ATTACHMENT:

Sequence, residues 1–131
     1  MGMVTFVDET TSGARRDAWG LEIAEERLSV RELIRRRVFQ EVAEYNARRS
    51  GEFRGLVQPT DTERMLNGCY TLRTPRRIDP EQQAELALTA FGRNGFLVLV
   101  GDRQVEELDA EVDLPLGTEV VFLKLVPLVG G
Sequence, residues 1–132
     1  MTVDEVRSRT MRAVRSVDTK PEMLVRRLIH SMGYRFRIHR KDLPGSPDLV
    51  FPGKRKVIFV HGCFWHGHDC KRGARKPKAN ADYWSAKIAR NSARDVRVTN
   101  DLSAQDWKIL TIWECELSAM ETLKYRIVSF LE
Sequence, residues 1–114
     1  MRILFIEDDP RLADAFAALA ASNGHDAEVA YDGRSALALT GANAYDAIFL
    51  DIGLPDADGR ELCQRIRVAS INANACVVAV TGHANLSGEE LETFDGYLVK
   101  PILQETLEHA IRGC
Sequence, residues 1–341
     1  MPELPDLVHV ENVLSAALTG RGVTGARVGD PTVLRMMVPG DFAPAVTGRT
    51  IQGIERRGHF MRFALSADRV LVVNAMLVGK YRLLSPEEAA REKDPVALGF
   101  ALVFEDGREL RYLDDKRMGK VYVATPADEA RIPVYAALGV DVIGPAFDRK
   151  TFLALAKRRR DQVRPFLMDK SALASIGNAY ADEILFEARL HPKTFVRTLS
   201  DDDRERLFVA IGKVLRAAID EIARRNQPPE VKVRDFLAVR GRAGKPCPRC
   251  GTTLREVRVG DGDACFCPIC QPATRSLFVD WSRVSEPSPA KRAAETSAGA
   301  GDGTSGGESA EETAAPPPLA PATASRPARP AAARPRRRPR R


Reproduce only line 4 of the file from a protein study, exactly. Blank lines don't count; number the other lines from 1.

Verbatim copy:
   101  GDRQVEELDA EVDLPLGTEV VFLKLVPLVG G